A few months ago I wrote about how government likes to all up in your business. They just cannot help themselves. One of the examples was how the City of Pittsburgh through its Urban Redevelopment Authority used eminent domain to seize a local theatre in Pittsburgh. The Garden theatre had suffered from the decline of city theatres and the proliferation of suburban multi-screen venues. They somehow survived by catering to the XXX movie crowd. I obviously don’t know the details of their finances, but they stayed in business for decades screening those flicks. That is until the City of Pittsburgh decided that the area would be better suited to a retail development.
“In February 2007, the URA ended a decade-long legal battle when it paid $1.1 million to buy the theater with hopes of attracting businesses to the corner of West North Avenue and Federal Street, a spot that many view as the gateway to the Central North Side.”
A recent article in our local paper caught my eye as the Urban Redevelopment Authority has recently agreed to sell the property for a whopping $250,000.00. Pittsburgh resident’s tax dollars spent $1.1 million for a return of $0.25 million for a Return on Investment (“ROI”) of a negative $850,000. In my original research, the City also incurred legal cost of $500,000 when the owner fought the eminent domain case. I love some of the quotes from city leaders as they try to grease this through,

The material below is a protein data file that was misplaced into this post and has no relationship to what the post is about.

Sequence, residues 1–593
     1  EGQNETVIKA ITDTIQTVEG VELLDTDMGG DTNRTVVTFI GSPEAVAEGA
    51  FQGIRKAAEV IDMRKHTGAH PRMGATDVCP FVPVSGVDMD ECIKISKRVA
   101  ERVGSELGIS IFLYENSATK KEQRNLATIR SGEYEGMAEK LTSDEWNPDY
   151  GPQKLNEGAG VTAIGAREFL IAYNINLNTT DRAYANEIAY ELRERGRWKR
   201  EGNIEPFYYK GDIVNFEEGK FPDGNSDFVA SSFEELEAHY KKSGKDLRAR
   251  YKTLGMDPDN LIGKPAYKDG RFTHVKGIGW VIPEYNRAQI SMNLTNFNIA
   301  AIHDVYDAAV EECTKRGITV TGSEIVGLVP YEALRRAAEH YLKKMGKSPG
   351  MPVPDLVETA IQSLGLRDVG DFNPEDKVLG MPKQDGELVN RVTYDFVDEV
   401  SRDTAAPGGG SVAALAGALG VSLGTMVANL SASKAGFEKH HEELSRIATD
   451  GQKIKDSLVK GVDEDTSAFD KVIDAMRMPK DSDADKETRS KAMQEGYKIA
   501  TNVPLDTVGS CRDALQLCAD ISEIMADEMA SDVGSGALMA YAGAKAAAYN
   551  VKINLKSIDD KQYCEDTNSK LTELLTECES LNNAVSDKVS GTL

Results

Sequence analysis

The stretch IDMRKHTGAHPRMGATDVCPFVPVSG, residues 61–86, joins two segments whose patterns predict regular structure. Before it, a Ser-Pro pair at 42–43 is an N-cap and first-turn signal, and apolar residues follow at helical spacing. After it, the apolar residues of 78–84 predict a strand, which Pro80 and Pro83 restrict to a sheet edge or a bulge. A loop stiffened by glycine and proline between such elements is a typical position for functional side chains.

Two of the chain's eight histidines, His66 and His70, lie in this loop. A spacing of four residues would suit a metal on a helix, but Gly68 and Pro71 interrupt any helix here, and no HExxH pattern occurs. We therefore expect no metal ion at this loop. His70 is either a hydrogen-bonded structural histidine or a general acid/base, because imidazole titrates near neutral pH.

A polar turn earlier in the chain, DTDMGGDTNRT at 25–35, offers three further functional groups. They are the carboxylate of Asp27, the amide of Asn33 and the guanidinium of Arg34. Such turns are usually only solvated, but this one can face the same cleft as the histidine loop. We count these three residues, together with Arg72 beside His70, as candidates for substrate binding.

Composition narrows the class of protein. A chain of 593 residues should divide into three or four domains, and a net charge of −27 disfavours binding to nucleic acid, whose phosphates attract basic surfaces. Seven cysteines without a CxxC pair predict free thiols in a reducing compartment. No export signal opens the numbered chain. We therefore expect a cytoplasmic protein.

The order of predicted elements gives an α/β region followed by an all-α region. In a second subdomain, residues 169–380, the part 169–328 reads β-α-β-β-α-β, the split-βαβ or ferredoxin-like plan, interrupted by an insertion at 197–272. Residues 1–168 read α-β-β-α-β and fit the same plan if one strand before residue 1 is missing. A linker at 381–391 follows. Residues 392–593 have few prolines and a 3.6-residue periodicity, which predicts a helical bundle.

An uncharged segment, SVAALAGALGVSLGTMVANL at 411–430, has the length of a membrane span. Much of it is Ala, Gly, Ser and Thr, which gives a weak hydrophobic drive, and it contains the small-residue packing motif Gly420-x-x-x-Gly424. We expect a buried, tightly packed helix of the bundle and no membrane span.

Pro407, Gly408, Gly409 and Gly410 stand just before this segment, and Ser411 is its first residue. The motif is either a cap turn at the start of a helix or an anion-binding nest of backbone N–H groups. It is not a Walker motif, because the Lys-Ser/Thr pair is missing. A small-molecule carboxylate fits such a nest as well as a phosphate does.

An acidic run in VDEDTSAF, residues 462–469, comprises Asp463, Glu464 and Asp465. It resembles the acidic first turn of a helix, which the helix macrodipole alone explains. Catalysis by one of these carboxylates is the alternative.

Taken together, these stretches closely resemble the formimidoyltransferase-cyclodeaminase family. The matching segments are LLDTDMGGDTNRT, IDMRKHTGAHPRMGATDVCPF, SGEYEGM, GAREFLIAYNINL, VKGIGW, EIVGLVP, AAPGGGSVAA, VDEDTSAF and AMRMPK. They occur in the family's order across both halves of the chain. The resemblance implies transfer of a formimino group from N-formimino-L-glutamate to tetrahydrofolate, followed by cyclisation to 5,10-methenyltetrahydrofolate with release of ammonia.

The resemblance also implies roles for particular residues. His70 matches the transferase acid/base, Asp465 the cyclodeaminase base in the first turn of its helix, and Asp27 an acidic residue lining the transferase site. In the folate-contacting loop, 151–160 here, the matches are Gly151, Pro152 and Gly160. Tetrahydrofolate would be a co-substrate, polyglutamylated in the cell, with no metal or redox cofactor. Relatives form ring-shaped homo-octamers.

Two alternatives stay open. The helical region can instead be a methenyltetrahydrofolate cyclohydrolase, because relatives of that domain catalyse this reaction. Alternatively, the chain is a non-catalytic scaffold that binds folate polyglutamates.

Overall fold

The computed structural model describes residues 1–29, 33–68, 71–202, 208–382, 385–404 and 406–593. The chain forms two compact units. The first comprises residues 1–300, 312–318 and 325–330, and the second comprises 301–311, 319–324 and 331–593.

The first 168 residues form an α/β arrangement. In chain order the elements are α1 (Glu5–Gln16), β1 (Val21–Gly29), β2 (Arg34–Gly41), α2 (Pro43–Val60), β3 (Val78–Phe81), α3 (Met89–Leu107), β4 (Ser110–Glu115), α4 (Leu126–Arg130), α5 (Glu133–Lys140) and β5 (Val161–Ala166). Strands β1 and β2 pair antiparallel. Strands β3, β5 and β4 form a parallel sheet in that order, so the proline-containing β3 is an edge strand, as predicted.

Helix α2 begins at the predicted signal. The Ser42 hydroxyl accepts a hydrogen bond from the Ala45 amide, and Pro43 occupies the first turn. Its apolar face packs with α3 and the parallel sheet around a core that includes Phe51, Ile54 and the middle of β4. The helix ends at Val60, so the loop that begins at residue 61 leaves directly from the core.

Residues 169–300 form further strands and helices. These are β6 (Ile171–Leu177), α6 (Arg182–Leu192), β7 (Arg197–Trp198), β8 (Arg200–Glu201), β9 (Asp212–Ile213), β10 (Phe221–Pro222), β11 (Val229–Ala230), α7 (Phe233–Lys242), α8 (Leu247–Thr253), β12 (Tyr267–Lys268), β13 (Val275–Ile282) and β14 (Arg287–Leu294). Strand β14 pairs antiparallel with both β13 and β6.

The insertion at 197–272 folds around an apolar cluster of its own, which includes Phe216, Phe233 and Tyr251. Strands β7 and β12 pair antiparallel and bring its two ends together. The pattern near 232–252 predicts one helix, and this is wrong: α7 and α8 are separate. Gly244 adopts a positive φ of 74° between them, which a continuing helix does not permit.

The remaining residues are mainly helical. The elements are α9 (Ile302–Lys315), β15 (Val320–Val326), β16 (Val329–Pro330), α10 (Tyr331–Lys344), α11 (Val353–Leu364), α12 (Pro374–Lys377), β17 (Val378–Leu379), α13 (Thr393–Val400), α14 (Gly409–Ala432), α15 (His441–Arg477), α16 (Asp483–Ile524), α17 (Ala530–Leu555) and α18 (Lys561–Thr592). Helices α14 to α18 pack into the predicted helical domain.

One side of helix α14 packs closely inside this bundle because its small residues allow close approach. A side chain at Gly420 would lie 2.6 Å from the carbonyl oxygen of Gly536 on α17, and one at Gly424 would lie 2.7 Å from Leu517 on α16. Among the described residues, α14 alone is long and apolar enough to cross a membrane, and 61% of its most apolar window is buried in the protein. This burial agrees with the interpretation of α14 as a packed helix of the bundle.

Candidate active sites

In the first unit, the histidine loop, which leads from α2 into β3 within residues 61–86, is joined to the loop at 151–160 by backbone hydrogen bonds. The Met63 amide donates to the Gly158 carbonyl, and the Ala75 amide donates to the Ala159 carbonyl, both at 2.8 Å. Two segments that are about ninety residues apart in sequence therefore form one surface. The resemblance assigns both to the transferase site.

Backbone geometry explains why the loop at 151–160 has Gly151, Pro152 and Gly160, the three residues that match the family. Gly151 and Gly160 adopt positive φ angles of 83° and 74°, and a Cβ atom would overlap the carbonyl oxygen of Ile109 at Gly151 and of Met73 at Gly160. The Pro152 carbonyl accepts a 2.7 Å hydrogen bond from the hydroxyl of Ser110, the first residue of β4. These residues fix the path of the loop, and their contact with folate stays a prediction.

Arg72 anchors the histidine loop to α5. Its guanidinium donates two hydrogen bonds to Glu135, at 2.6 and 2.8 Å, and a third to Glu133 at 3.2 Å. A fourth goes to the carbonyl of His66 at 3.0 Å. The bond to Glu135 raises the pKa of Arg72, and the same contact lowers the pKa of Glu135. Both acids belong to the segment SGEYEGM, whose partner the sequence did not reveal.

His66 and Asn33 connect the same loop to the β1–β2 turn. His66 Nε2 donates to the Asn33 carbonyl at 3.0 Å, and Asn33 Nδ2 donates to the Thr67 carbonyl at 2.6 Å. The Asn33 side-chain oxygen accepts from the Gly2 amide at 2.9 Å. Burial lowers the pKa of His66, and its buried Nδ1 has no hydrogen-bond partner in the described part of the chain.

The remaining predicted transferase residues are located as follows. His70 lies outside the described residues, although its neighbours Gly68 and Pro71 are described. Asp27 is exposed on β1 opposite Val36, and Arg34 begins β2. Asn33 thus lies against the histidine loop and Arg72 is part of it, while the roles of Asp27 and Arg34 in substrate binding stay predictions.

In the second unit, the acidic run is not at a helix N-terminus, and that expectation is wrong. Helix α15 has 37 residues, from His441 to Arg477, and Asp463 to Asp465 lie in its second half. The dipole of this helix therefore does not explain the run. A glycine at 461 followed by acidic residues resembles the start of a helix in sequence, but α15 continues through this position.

“In general, it takes a significant write-down of some kind to make these things work,”
“reflects a value associated with the financial challenges of the development task,”
“The rent that you can get from those buildings is not sufficient to allow you to get financing in the private market to fix them up. There has to be public sources to make it work,”
“When you take into account the jobs created, taxes and the elimination of blight, there’s a net benefit,”
Perhaps there will be a benefit in time, but that is really not how investing works. Time is money and if the “net benefit” takes many years the investment might not be worth it. Government officials don’t have to worry about that since it’s not their money and they are more concerned about their vision and planning. I would guess that their determination of “net benefit” is not a monetary evaluation as it considers things like “elimination of blight” while ignoring the fact that a viable business was closed for many many years. Many years without paying property taxes. Many years without employing anyone. Many years without collecting sales tax.
You can read the original post at this link.